Your Bank’s Answer to the Cannabis Conundrum


strategy-5-30-19.pngBanks should not wait on lawmakers taking action on the myriad of proposed cannabis banking bills to make important strategic decisions about servicing marijuana-related business.

It is unclear if any of the proposed cannabis banking bills will gain enough traction and support in Washington to pass through Congress. Despite the inaction, a growing number of financial institutions are choosing to provide banking services to the cannabis industry. Banks considering doing business with cannabis companies need to determine if it fits within the institution’s overall strategy and risk appetite. To determine whether the business fits, a board should ask and answer the following four questions:

To be or not to be a cannabis bank? Every board needs to ask itself this question. Even if your bank does not actively seek out cannabis business customers, it is likely your bank has been or will be approached by a customer in the business who is seeking banking services.

The vast majority of banks in the U.S. have marijuana-related or hemp businesses in their market areas, now that more than three-fifths of the country permit some sort of legal cannabis production and use–medical, recreational or industrial hemp. It is quite possible your bank is unwittingly providing banking services to a customer who is at least tangentially related to the business. It is important for your board to definitively establish where your institution stands on this business line and communicate that to the business development, sales and other customer-facing personnel. Are you in or out? Not having a stance risks being flat-footed when an opportunity or a threat arises.

What is a marijuana-related business? The Financial Crimes Enforcement Network, or FinCEN, issued guidance in 2014 on how financial institutions can provide services to marijuana-related businesses in a manner consistent with their Bank Secrecy Act obligations. But neither FinCEN nor any bank regulator has defined the term “marijuana-related business,” or MRBs.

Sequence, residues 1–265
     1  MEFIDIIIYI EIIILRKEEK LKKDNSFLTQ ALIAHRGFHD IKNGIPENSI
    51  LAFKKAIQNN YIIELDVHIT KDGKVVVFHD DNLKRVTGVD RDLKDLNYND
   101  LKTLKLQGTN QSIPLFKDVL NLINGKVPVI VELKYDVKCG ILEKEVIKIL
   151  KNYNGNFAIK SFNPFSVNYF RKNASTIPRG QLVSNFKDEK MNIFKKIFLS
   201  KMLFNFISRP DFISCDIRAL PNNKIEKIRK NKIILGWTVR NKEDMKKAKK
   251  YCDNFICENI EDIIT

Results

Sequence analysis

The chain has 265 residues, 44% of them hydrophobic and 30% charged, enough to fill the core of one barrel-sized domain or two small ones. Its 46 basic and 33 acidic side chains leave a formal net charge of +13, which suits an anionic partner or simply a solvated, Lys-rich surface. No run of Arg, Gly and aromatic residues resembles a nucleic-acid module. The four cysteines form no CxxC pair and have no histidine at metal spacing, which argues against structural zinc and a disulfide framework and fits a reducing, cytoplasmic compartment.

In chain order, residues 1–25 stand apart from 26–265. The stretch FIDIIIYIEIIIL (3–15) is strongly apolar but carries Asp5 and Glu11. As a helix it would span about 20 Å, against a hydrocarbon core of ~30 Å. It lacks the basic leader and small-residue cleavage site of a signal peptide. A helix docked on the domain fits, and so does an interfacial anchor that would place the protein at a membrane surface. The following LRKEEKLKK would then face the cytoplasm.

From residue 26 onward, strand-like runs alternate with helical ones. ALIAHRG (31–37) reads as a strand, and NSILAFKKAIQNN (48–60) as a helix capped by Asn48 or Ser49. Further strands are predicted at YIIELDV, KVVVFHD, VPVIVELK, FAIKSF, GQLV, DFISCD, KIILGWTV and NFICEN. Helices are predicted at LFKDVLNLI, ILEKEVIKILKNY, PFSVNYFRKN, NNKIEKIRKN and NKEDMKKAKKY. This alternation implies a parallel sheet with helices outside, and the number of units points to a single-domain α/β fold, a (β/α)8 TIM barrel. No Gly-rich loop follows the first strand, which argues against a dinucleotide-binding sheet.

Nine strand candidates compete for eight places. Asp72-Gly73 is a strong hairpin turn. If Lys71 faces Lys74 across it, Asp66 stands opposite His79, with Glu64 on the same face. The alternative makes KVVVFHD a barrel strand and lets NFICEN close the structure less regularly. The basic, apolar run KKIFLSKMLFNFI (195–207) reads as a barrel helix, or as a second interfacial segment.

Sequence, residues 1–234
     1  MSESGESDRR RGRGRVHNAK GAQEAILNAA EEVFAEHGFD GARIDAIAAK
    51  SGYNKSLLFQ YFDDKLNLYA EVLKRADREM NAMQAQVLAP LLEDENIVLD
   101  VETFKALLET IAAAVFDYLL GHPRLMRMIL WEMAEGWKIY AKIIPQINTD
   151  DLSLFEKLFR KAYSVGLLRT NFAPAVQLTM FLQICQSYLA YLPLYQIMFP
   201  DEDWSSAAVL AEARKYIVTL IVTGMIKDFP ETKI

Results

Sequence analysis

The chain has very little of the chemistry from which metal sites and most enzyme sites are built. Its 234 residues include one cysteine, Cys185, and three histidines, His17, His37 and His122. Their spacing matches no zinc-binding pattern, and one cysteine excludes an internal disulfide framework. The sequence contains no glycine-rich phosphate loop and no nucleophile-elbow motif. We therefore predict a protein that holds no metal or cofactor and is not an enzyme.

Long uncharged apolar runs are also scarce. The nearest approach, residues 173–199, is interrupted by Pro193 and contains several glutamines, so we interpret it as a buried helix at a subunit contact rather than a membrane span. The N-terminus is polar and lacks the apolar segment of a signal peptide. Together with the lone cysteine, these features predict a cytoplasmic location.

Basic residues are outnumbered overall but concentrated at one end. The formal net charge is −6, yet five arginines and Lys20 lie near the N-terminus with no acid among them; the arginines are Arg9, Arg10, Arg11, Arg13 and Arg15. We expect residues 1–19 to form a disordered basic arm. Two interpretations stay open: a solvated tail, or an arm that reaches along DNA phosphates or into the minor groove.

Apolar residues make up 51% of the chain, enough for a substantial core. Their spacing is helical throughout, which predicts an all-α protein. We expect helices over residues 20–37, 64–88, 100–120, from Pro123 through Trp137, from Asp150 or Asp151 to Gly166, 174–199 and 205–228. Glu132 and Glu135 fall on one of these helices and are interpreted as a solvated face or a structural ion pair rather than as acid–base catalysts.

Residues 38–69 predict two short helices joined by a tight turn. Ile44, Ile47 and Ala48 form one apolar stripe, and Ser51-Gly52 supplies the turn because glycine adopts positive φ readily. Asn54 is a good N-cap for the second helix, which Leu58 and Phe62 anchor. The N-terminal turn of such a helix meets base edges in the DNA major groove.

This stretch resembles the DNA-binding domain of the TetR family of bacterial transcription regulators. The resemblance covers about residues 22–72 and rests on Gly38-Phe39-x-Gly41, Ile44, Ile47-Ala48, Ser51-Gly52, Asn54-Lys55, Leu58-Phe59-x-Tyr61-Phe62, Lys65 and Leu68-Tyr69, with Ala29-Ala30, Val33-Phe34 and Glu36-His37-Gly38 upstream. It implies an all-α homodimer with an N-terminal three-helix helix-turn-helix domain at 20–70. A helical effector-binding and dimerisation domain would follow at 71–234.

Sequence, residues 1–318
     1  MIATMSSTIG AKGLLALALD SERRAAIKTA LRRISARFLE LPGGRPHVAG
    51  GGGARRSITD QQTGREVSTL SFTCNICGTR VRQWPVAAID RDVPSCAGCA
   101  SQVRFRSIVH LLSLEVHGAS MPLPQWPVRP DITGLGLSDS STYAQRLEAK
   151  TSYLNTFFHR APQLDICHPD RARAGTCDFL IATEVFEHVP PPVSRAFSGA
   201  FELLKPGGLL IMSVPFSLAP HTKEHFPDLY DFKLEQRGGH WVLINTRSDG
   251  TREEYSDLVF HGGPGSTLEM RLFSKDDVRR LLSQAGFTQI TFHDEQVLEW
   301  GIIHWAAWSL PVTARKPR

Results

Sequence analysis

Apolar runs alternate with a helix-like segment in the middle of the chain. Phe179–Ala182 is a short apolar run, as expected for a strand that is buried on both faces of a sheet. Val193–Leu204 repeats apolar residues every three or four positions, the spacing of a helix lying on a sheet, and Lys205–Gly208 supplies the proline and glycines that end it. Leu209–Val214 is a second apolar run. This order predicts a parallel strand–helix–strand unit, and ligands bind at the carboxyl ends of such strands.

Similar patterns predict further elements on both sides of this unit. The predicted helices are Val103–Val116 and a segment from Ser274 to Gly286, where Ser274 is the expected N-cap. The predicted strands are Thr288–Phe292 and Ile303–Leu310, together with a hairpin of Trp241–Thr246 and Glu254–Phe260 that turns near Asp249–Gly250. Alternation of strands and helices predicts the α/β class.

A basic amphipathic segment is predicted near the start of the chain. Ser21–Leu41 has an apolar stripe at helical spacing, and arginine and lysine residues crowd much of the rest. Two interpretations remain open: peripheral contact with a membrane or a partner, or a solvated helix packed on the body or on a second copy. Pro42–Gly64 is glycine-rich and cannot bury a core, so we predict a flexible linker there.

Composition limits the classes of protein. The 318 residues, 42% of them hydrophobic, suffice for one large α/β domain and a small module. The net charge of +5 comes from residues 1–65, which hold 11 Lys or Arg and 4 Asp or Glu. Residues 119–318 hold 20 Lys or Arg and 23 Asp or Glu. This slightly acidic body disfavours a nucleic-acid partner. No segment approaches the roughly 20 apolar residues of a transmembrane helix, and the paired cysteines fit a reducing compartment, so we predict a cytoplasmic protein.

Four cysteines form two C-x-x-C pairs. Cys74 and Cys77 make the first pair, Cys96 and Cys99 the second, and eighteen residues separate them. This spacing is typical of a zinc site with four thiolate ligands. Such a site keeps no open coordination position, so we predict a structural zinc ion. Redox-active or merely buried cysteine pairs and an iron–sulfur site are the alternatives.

As a result, it is not always clear if your bank is doing business with an MRB. Certainly, those firms that physically handle the plant are MRBs: cultivators, processors, testing facilities, packagers, transporters and dispensaries. If they are required to have a state license, they are an MRB. Your bank should follow the FinCEN guidance regarding suspicious activity report filings when transacting with these companies.

But what about other individuals or companies that are indirectly connected to marijuana-related businesses, such as equipment suppliers, payment processors, consultants, landlords and advisors? There is no simple answer. If a significant portion of the customer’s revenue is dependent on the industry, it could be considered an MRB.

If your bank decides to offer banking services to cannabis businesses, the board and executives must establish a method to determine which indirectly related businesses are MRBs and prepare for revisions to the method if regulators provide further guidance.

Develop in-house compliance programs or engage a consultant? FinCEN is clear that a bank working with marijuana-related businesses must have a robust customer due diligence process. Shortcomings in the diligence process could lead to mistakes and missteps when it comes to compliance with the Bank Secrecy Act and anti-money laundering laws and lead to serious adverse outcomes.

Bank boards must determine whether their institutions have sufficient internal staff to develop and implement customer diligence and other compliance programs, or if they will outsource these functions. Any compliance function will require the board and management to provide appropriate oversight and monitoring of the cannabis-related compliance program.